Make it big. Bigger. Bigger still. Ok that will do.
Location: Jersey City, NJ
Date played: January 16, 2017
Team size: 2-6; we recommend 3-5
Duration: 60 minutes
Price: $25-34 per ticket
Story & setting
We were hired by an architect attempting to build the largest skyscraper in the world. We were dispatched to sneak into a rival’s office and determine the height of the skyscraper he was creating. If we were successful, our client’s tower would surely be taller.
Points for originality.
The set was an architect’s studio. It looked like it was going for the minimalist Apple Store aesthetic, but didn’t quite get there.
There were 5 building models set atop filing cabinets. Each model presented a unique set of puzzling challenges.
The setup, while relevant to completing the final puzzles, was ultimately more theme than story.
Most of the puzzling in the Architect’s Studio centered on the aforementioned building models. While none of them were simple, they ranged broadly in complexity, and each employed smart counter brute-force elements.
All puzzles ultimately led to a lock and key, but it didn’t matter because the building puzzles that led to the combinations were all compelling, tangible or mechanical interactions.
The building puzzles felt heavily inspired by The Room video game series, and they pulled it off well. Everything had weight to it, and solving the individual puzzles felt immensely satisfying.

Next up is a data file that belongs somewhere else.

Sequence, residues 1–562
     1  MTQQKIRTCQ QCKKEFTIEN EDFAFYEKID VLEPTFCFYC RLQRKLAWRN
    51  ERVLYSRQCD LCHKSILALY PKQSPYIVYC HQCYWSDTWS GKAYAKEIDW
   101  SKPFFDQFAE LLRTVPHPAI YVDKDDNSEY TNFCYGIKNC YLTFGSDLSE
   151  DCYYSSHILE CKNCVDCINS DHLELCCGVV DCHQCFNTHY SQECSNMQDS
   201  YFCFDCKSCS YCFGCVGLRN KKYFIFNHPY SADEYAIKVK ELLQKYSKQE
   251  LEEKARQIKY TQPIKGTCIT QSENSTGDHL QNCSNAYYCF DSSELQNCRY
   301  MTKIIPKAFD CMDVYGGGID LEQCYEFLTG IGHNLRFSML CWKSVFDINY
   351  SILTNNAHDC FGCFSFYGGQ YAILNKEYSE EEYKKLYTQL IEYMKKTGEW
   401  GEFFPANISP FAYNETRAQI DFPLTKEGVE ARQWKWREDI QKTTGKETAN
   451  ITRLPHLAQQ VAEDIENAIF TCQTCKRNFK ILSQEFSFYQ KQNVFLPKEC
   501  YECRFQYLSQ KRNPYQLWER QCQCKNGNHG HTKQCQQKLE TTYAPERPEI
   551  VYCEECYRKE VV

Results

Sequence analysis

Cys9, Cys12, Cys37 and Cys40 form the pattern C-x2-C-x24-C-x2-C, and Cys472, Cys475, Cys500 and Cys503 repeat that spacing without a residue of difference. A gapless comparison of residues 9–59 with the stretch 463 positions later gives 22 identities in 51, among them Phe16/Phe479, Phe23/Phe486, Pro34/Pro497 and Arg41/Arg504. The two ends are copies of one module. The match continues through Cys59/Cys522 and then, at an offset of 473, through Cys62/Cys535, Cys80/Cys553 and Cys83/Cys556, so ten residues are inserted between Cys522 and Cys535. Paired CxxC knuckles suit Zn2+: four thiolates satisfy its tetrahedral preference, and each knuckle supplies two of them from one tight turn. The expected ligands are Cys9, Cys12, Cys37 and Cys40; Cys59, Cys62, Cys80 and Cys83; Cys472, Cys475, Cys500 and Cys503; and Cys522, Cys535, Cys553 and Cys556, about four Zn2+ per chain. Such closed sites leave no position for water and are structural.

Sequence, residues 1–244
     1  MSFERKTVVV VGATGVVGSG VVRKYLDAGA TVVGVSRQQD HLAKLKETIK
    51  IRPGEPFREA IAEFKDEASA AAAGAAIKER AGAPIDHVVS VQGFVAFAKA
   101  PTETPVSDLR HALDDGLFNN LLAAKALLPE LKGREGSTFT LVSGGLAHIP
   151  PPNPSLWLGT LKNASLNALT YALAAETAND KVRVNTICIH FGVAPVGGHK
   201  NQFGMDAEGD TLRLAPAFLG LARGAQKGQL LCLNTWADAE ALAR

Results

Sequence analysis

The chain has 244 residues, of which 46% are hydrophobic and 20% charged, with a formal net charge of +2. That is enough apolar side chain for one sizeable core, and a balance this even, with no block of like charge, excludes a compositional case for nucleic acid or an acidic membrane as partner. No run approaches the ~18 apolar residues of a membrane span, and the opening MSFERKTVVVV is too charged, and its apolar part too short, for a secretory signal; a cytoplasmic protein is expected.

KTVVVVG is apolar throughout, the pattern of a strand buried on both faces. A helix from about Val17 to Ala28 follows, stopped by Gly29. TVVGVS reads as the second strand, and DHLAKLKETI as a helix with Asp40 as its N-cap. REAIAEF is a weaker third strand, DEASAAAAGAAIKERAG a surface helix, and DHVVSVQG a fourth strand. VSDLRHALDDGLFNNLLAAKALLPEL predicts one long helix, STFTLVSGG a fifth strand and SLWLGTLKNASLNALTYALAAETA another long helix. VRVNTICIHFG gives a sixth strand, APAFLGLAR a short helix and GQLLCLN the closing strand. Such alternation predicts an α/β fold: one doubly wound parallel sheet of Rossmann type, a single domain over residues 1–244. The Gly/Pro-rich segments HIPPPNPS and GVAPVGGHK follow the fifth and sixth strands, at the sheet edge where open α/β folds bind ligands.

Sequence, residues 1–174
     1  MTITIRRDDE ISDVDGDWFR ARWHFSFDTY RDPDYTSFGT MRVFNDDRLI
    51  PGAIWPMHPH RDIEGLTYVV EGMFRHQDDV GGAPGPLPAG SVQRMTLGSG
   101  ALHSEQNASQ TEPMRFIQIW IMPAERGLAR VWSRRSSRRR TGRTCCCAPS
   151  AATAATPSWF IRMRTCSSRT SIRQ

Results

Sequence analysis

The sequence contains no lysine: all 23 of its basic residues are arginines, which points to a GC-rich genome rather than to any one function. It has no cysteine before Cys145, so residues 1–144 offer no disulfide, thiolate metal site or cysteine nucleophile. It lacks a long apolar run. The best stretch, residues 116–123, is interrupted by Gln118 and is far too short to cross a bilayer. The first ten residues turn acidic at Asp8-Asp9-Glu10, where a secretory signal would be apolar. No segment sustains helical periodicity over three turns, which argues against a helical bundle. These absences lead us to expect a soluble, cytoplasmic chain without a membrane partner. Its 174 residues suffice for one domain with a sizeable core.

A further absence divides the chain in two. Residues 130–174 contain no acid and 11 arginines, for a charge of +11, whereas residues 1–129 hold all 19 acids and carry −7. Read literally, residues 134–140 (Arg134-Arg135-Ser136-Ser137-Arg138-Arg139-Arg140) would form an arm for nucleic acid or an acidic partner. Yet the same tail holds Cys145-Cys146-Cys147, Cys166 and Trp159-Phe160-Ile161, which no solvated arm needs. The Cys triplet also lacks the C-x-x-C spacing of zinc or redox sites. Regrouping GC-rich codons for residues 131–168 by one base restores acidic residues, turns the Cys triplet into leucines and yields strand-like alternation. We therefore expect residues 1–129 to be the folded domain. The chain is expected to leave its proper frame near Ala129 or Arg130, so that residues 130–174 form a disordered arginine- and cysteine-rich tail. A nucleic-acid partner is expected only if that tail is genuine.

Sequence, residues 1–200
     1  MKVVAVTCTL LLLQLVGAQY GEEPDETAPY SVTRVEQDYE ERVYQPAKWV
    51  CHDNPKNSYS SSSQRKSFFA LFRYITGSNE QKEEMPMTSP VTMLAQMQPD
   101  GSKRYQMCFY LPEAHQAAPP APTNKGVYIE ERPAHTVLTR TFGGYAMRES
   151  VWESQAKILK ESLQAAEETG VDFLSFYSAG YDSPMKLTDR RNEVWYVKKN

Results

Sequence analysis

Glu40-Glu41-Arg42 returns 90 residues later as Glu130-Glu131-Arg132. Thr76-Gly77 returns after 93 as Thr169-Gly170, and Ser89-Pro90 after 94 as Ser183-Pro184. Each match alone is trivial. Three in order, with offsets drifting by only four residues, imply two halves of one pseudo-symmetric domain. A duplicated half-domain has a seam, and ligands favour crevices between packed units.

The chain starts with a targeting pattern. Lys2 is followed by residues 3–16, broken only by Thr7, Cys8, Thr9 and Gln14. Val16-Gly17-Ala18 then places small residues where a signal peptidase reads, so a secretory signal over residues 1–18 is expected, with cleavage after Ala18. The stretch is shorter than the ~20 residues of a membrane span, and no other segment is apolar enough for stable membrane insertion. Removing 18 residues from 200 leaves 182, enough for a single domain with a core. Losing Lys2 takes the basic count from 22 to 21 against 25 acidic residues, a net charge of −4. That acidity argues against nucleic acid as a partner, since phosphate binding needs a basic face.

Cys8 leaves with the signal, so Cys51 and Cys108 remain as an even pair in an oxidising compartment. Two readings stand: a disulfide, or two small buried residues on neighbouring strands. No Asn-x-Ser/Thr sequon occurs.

The puzzles fostered a ton of teamwork and collaboration. Every puzzle had at least two people work on it together.
The overall collection of puzzles was superb.
There were a few instances where the puzzle construction could have benefited from refinement. One of the buildings had some exposed screw tips that should be ground down, and generally didn’t function as smoothly as it could have. A different puzzle would have benefited from better magnets. Another puzzle had pieces that fit together a little too snugly. I shouldn’t have had to use as much force as I did to make it work.
The layout of the room led to some serious cramping. The puzzle stations all looked good in a row, but moving them around a little could open up the space and allow for more players to get involved with them.
Aesthetically, the space didn’t feel on par with the level of puzzle quality. While the filing cabinets thematically fit with the space, they didn’t add to the experience.
Should I play Puzzle Out’s Architect’s Studio?
Architect’s Studio was Puzzle Out’s sophomore game, and it has come a long way. They shed the throwaway puzzles, and presented an original, unified concept. The puzzles were great, and I had a smile on my face the whole time.
Architect’s Studio should be enjoyable for both experienced and novice players. It was both approachable and had depth to it.
Where Puzzle Out left room for improvement was in aesthetic execution and narrative. The gameplay and flow were excellent. Our team had a ton of fun while playing Architect’s Studio. When Puzzle Out nails the look and construction of their games, they will be one hell of a competitor.
Book your hour with Puzzle Out’s Architect’s Studio, and tell them that the Room Escape Artist sent you.
Full disclosure: Puzzle Out comped our tickets for this game.